How remembering the importance of our souls changes our outlook during a pandemic

April 23, 2020

Much has been said in Christian circles lately to remind us that the current viral crisis presents us with a novel set of particular problems, but it by no means changes one of our general problems: unless the Lord tarries, we shall all face death. We are confronted with a new way to die—and to suffer before we do—but the certainty of death and suffering has been present the whole time. These are healthy reminders. They should be at the forefront of our minds at all times, regardless of pandemics, and they should be woven throughout every presentation we make of the gospel. 

But there is another aspect worth considering that often escapes our notice: the importance of viewing ourselves not just as bodies but as spiritual beings who have a soul as well. 

There is a tendency in our modern era of brain imaging, scientific reductionism, and naturalistic evolutionary explanations to think that a person is nothing but a body. The traditional Christian teaching that humanity was created a little lower than the angels has been supplanted by a view that says we are just a little higher than the apes. The belief that we are “soulish creatures” has been at the heart of Christian teaching about the nature of humanity since the beginning, but today we are told that believing in a spiritual aspect to our nature is out of step with modern science. There are good answers to these modern challenges to Christian teaching, but let us instead take a few minutes to reflect on the importance of the classic Christian perspective in light of the COVID-19 pandemic.[1]

It is natural, when faced with mortal threats to the body, to focus on protection from them as our immediate and most pressing concern. The danger, however, is to lose sight of something equally important; indeed, if we are to believe Jesus Christ, infinitely more important. When discussing the various fears that beset humanity—things like hunger, lack of shelter and clothing, and even persecution—Jesus snaps our attention back to what matters most. “Do not be afraid of those who kill the body but cannot kill the soul” (Matt. 10:28). It is vitally important to remember that the death of our body is not the end. It is not the end of us. 

Surely it is a good thing to have a body, and one day after we shed these mortal coils we will be clothed with imperishable ones. Our bodies were made by God, and having a body is how we flourish—it’s part of God’s plan for us to be embodied creatures, not only in the present life but also in the eternal kingdom to come. That is our hope and stay; without the resurrection Christianity is an empty faith and a deep deception. That is why the resurrection plays such a central role in Paul’s description of Christianity in 1 Corinthians 15. In that passage he argues that if there is no resurrection of the body, our hope is in vain. Paul reminds us that this body, which he calls our “earthly tent,” will be replaced. Yet we will not be left naked—disembodied spirits floating in the clouds—but will be further clothed by God in a “heavenly dwelling” that does not decay (2 Cor. 5:2). “We know that while we are at home in the body we are away from the Lord,” Paul says, “and we would rather be away from the body and at home with the Lord” (2 Cor. 5:6–8). So while our bodies are important, we are more than just our bodies. Our spirits will persist even after the body has died, and will one day be embodied again.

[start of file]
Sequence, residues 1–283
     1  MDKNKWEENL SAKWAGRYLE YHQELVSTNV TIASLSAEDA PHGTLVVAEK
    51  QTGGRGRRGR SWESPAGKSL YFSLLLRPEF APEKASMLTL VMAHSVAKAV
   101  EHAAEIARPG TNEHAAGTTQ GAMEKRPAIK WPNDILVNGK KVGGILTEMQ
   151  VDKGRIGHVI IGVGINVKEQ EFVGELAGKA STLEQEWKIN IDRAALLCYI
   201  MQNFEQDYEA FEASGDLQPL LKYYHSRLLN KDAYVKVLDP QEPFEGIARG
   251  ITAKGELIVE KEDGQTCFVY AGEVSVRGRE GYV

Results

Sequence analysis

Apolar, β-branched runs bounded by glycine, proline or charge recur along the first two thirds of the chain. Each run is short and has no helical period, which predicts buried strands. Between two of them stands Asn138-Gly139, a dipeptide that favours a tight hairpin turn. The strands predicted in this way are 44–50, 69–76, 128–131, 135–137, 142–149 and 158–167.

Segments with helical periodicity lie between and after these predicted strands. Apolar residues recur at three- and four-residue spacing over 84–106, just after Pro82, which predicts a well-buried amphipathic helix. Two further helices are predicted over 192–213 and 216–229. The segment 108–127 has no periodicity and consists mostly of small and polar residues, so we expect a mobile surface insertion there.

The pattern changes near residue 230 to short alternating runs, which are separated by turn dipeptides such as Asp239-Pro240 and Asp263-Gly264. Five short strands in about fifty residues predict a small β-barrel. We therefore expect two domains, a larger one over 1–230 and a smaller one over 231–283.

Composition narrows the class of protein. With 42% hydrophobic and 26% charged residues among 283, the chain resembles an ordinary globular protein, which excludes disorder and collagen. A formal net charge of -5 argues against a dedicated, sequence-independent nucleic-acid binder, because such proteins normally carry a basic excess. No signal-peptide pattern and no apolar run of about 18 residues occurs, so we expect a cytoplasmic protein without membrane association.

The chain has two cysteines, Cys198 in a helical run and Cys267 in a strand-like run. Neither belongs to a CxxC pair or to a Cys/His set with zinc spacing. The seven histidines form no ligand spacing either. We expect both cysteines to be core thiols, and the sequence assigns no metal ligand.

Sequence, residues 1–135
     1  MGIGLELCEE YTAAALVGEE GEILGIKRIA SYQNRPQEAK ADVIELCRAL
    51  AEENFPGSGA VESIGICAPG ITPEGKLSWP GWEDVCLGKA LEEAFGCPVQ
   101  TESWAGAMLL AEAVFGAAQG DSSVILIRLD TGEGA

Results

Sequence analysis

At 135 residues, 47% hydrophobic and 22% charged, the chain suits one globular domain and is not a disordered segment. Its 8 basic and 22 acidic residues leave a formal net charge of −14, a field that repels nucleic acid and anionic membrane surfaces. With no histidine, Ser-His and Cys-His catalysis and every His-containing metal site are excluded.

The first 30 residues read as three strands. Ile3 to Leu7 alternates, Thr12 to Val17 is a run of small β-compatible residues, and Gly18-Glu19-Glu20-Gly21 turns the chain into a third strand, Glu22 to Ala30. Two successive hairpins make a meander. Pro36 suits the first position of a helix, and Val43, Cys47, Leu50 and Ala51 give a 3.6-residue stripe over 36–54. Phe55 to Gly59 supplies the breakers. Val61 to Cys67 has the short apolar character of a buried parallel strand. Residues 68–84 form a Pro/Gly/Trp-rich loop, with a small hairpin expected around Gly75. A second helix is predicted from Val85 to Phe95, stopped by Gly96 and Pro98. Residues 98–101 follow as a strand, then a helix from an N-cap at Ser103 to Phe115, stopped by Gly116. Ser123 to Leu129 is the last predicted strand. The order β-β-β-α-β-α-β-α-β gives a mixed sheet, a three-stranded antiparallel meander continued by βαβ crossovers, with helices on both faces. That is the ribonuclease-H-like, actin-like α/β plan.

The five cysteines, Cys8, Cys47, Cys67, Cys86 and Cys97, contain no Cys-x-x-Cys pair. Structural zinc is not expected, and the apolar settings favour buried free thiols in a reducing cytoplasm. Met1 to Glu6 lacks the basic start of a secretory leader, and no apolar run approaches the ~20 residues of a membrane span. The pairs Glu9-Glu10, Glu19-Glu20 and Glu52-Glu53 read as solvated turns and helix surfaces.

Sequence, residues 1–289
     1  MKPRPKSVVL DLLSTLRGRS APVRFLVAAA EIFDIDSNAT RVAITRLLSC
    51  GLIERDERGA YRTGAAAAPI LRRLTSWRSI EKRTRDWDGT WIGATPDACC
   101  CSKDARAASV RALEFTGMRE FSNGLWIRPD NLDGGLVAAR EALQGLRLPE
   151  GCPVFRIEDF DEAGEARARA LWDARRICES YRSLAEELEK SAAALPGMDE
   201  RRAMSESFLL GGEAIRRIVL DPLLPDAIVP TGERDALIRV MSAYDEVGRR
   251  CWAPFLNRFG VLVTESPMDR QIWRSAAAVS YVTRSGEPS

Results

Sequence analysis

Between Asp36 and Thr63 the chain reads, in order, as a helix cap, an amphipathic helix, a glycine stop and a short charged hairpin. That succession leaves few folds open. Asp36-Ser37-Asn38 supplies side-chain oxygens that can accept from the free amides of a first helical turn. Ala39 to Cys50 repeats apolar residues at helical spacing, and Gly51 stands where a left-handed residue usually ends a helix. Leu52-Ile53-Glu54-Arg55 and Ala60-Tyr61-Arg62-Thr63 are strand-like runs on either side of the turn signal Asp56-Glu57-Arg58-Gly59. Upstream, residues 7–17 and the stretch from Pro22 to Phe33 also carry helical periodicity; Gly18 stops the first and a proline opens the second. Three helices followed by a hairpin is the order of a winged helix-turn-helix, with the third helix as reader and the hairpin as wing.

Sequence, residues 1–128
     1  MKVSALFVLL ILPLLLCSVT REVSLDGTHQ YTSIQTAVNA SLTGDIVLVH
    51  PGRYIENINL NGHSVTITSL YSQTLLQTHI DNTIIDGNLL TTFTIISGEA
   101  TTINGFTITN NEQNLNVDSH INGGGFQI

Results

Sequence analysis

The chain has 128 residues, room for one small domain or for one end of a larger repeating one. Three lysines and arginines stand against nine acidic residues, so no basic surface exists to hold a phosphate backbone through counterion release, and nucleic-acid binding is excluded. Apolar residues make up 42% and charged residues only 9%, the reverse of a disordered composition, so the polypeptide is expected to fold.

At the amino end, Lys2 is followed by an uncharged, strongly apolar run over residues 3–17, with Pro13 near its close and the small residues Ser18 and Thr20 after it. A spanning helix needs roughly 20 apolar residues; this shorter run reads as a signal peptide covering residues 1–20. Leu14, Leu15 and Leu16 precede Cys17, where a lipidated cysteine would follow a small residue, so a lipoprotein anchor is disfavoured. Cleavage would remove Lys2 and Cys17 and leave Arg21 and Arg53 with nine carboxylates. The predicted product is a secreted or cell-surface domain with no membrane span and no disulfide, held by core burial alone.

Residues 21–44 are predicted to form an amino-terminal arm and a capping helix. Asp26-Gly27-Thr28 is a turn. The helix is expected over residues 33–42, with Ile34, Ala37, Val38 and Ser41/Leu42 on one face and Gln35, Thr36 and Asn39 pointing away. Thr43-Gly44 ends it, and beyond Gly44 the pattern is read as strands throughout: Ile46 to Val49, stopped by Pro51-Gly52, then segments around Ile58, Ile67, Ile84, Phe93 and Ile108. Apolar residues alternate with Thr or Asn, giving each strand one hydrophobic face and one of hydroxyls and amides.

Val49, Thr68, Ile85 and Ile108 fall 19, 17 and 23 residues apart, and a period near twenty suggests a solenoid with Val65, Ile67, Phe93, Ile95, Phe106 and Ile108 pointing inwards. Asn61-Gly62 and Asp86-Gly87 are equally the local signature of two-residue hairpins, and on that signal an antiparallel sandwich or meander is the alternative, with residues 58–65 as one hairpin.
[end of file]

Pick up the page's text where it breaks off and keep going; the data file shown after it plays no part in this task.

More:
What is needed today is the medicine this perspective offers. Remembering that we are spiritual beings changes our outlook in several ways. 

In these times when death and uncertainty stalk our globe, let us embrace and proclaim the important truth that we are more than our bodies. We would do well in these days, as Peter teaches us, to “entrust [our] souls to a faithful Creator while doing good.”

First, it undermines the common attitude that science can solve all of our problems. Even if a vaccine for COVID-19 becomes available tomorrow, and even if we can treat everyone who is currently infected and prevent their deaths, there are more serious issues that no physical remedies can help with. Our immediate problems concern the body and its health, but our spiritual problems can only have a spiritual cure. That cure is offered by the work of Jesus Christ and is only available to those who join the invisible Church—a hospital for sinners and the only place a remedy is available. As important as the work of scientists is, their greatest accomplishments will be of no ultimate help on this front. Our problems are not all physical, so our solutions can’t be either.